When Joshin Raghubar purchased this 291m² Green Point property in 2011, he was instantly smitten with its prime position and ocean and city views. ‘I love the area and the fact that the gym, local outdoor pool, Sea Point promenade and my favourite neighbourhood deli are all within walking distance,’ says Joshin, who owns digital marketing businesses with offices in Cape Town and Johannesburg. ‘But while I love the connectivity and convenience of living here, I also wanted a house in which I could retreat from my busy schedule – and escape the city’s noise and traffic.’
Inspired by the use of space in Japanese architecture, Joshin immediately saw an opportunity to extend his narrow plot’s footprint vertically. ‘Japanese use of space is genius as it constantly references nature and is designed with light and shadow in mind,’ says Joshin, who was very involved in the year-long design process. He counts himself lucky to have collaborated with Dawid Augustyn of Establishment, a design company based in Cape Town. ‘It helped that we share an appreciation for design principles such as shakkei and wabi-sabi,’ he adds. ‘Not to mention Establishment’s instinct for simplicity, beauty and naturalism.’
Shakkei is the Japanese term for incorporating a background landscape into the design of a garden. Set as it is on the slopes of Signal Hill next to the iconic Lion’s Head, the house’s facade and front garden read as a series of layered experiences, each a gradual remove from the road. The first layer is the view itself, followed by the hedge line of the garden wall, the edible garden, the lap pool, the deck, the terrace and finally the various rooms – all with shutters at every level. ‘The idea was that the layers would form a puzzle that when viewed together, echo the surrounding landscape,’ says Joshin.
And so his brief to Augustyn was for a flexible, spacious home that pushed the physicality of the site and both embraced and retreated from the city – no mean feat considering the narrow erf size and its position on a busy thoroughfare. ‘Luckily, the plot sits at the top of a cross street, so there’s no danger of a high-rise development obscuring the views in years to come,’ says Joshin.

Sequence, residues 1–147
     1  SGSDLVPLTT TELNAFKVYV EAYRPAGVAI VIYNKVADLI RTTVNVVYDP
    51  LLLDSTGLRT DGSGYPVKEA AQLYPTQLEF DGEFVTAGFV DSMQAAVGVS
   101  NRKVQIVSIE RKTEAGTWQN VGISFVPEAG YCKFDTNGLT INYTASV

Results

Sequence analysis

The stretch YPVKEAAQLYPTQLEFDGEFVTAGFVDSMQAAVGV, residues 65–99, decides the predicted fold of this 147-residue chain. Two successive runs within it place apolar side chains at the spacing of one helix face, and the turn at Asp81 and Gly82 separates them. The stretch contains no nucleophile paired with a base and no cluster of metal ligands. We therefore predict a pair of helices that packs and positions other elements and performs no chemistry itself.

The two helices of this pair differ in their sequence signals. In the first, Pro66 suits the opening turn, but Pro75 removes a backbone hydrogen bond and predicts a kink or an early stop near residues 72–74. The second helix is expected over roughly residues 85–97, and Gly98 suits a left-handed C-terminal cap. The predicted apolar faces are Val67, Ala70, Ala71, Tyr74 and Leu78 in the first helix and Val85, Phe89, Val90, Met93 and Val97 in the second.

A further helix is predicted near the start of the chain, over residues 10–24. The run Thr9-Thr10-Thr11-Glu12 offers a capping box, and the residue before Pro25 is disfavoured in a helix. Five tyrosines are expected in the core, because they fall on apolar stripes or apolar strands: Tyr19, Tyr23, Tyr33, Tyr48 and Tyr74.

Augustyn’s vision for generous rooms filled with natural light was realised with lofty proportions, a series of interconnected areas and capacious ceiling heights. ‘We had to make space in other ways by raising the ceilings and creating flexible areas that could easily be closed off,’ says Augustyn. Laid out over two floors, the lower level at the front of the house is given over to living, with every room leading off the kitchen. The lounge area is another flexible, inclusive space that can open up to the front terrace and back courtyard when all the doors are open.
When it came to the aesthetic direction of the interiors, Joshin looked to wabi-sabi – the Japanese way of living that focuses on finding beauty in the imperfections of life – to make his home feel welcoming and liveable. ‘Since the structure is bold and monumental, I wanted the interiors to be simple, unpretentious and to reference the environment wherever possible,’ says Joshin. ‘There was an existing concrete retaining wall in the courtyard that is highly textured with an irregular, rough-hewn quality, and it grounds the grand proportions of the space.’
A warm colour palette, a contemporary collection of furniture and striking artworks add another layer to the home. ‘I did some travelling through Spain, Jordan and Morocco at the time we were planning the renovation, so I came back with myriad references, such as burnt orange and saffron, as well as old textured walls and mosaic tiles that were hugely influential on the interiors,’ says Joshin.
Because he worked with local designers, much of the furniture in the house is custom made, while his art collection has been personally curated for the space. It’s this sense of consideration throughout that makes the house an eloquent expression of Joshin’s creativity and his philosophical vision.